It was nearly twenty years ago I was first exposed to the suggestion it might be possible for me to taste the fruits of Buddhism and experience liberation even though my ability to concentrate through directed effort was limited. I was spending the better part of a year at Tassajara Zen Monastery, and a friend introduced me to piece of writing by Thai monk and philosopher Buddhadhasa Bhikkhu. In the Handbook for Mankind, Buddhadhasa emphasizes the importance of developing liberating insight, as I just discussed. Then he has two chapters: One, “Insight by the nature method” – which comes first, by the way – and two, “Insight by organized training.” As I read his chapter on what he calls the “nature method,” my heart leapt with hope and excitement:

“In this chapter we shall see how concentration may come about naturally on the one hand, and as a result of organized practice on the other. The end result is identical in the two cases: the mind is concentrated and fit to be used for carrying out close introspection. One thing must be noticed, however: the intensity of concentration that comes about naturally is usually sufficient and appropriate for introspection and insight, whereas the concentration resulting from organized training is usually excessive, more than can be made use of. Furthermore, misguided satisfaction with that highly developed concentration may result. While the mind is fully concentrated, it is likely to be experiencing such a satisfying kind of bliss and well-being that the meditator may become attached to it, or imagine it to be the Fruit of the Path. Naturally occurring concentration, which is sufficient and suitable for use in introspection, is harmless, having none of the disadvantages inherent in concentration developed by means of intensive training.”[vii]

Buddhadhasa then describes how there are numerous cases in the Pali canon where people experience liberating insight quite naturally and spontaneously. They’re often simply listening to the Buddha or one of his disciples preach the Dharma, rather than meditating in a state of deep concentration. Buddhadhasa goes on:

“These examples clearly show that natural concentration is liable to develop of its own accord while one is attempting to understand clearly some question, and that the resulting insight, as long as it is firmly established must be quite intense and stable. It happens naturally, automatically in just the same way as the mind becomes concentrated the moment we set about doing arithmetic. Likewise in firing a gun, when we take aim, the mind automatically becomes concentrated and steady. This is how naturally occurring concentration comes about. We normally overlook it completely because it does not appear the least bit magical, miraculous, or awe inspiring. But through the power of just this naturally occurring concentration, most of us could actually attain liberation.”[viii]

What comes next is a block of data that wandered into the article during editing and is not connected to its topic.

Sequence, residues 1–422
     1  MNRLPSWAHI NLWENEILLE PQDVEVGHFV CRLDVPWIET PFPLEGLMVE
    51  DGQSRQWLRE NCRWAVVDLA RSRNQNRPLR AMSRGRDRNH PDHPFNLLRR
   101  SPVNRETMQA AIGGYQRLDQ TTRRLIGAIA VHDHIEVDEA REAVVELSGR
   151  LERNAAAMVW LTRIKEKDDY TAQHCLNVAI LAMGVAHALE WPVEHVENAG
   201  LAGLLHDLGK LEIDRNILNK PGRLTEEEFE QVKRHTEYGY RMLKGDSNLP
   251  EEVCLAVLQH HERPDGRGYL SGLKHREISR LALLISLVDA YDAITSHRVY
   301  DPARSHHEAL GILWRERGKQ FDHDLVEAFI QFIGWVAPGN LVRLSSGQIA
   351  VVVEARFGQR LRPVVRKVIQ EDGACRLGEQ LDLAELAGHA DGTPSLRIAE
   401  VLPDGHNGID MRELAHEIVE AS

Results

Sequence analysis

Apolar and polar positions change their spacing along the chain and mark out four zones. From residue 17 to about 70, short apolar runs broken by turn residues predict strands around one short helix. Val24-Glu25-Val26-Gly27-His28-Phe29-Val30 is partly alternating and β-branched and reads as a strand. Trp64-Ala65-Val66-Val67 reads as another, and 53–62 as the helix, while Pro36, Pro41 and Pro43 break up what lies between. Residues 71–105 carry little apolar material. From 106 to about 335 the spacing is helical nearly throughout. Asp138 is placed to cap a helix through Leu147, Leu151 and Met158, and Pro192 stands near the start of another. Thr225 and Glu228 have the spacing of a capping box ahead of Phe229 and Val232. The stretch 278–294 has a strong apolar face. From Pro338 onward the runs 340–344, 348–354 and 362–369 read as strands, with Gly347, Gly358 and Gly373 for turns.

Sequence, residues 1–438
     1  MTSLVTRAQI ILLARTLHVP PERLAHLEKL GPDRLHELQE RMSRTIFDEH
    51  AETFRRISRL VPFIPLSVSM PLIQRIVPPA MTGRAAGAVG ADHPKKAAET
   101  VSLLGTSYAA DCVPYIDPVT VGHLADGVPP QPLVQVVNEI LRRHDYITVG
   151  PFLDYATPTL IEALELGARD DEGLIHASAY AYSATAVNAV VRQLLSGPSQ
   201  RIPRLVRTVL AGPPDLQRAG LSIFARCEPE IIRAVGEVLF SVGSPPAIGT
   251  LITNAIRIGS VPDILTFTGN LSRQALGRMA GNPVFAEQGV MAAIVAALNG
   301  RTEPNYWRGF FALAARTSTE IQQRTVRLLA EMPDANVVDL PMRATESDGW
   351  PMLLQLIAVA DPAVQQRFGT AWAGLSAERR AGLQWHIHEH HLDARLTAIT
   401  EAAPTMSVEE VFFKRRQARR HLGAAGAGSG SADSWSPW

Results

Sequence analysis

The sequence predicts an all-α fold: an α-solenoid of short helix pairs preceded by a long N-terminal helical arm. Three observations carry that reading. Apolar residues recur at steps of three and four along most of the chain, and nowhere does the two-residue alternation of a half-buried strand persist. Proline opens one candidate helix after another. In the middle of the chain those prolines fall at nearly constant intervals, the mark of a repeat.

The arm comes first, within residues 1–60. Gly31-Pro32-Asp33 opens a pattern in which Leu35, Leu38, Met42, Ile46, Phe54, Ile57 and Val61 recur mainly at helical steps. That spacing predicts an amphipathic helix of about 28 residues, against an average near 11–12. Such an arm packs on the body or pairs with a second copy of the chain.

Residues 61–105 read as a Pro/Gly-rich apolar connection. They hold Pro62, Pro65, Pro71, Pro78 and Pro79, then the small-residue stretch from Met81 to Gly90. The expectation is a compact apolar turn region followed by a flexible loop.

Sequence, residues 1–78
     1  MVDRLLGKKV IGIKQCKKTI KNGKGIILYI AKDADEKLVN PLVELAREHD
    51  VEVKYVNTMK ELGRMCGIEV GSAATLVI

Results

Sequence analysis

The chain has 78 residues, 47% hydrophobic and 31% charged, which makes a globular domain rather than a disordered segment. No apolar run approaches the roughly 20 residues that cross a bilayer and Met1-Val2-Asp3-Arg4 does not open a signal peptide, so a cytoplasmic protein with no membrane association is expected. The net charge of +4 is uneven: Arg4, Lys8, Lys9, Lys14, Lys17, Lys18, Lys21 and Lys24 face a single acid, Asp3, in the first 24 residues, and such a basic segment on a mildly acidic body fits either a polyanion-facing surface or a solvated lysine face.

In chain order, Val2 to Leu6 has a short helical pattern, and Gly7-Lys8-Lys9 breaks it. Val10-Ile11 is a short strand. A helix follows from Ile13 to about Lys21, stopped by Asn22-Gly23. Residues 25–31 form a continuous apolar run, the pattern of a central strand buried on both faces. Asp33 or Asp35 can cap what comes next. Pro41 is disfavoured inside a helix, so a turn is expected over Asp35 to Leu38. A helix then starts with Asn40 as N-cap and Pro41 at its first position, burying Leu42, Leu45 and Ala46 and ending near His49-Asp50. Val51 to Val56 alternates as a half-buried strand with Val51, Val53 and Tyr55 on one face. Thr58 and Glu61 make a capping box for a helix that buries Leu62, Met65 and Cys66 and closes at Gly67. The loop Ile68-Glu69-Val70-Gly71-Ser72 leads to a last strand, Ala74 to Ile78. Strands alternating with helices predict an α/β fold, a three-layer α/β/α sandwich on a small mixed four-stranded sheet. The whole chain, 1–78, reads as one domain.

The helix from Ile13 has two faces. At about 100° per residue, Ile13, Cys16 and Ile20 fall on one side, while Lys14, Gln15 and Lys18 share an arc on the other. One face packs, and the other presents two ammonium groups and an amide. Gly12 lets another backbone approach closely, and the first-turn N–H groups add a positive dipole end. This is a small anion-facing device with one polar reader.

Before I leave Buddhadhasa’s writing, one more section where he discusses the two methods of practice explicitly:

The Buddha defined Nirvana as simply that condition of freedom from bondage, torment and suffering which results from seeing the true nature of the worldly condition and all things, and so being able to give up all clinging to them. It is essential, then, that we recognize the very great value of insight into the true nature of things and endeavor to cultivate this insight by one means or another. Using one method, we simply encourage it to come about of its own accord, naturally, by developing, day and night, the joy that results from mental purity, until the qualities we have described gradually come about. The other method consists in developing mental power by following an organized system of concentration and insight practice. This latter technique is appropriate for people with a certain kind of disposition, who may make rapid progress with it if conditions are right.”[ix]

Leaving off with Buddhadhasa there might give you the impression he thought organized training was a more efficacious method that requires certain skills, and if you didn’t possess the skills you could always use the nature method. But in fact, his bias went the other way. At the beginning of the chapter on organized training he says, “This kind of practice [organized training] is suitable for people at a fairly undeveloped stage, who still cannot perceive the unsatisfactoriness of worldly existence with their own eyes, naturally.” When I first read this, my competitive side sang, “Alleluia!” At last, someone was suggesting I didn’t have to feel inferior to people who could willfully concentrate! (I actually don’t think one path or the other is superior, and comparing ourselves to others is just an obstacle in practice. Still…)